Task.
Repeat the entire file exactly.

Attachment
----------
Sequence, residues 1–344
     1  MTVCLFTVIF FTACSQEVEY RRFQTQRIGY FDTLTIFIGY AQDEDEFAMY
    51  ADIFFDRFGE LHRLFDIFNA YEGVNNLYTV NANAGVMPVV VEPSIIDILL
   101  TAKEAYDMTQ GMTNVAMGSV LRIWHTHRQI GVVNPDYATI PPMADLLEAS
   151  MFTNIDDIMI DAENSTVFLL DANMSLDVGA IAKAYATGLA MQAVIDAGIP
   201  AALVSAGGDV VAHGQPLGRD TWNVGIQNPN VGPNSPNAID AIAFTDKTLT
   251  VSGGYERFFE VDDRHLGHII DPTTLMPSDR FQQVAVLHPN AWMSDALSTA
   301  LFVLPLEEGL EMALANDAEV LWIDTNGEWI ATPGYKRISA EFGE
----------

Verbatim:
Sequence, residues 1–344
     1  MTVCLFTVIF FTACSQEVEY RRFQTQRIGY FDTLTIFIGY AQDEDEFAMY
    51  ADIFFDRFGE LHRLFDIFNA YEGVNNLYTV NANAGVMPVV VEPSIIDILL
   101  TAKEAYDMTQ GMTNVAMGSV LRIWHTHRQI GVVNPDYATI PPMADLLEAS
   151  MFTNIDDIMI DAENSTVFLL DANMSLDVGA IAKAYATGLA MQAVIDAGIP
   201  AALVSAGGDV VAHGQPLGRD TWNVGIQNPN VGPNSPNAID AIAFTDKTLT
   251  VSGGYERFFE VDDRHLGHII DPTTLMPSDR FQQVAVLHPN AWMSDALSTA
   301  LFVLPLEEGL EMALANDAEV LWIDTNGEWI ATPGYKRISA EFGE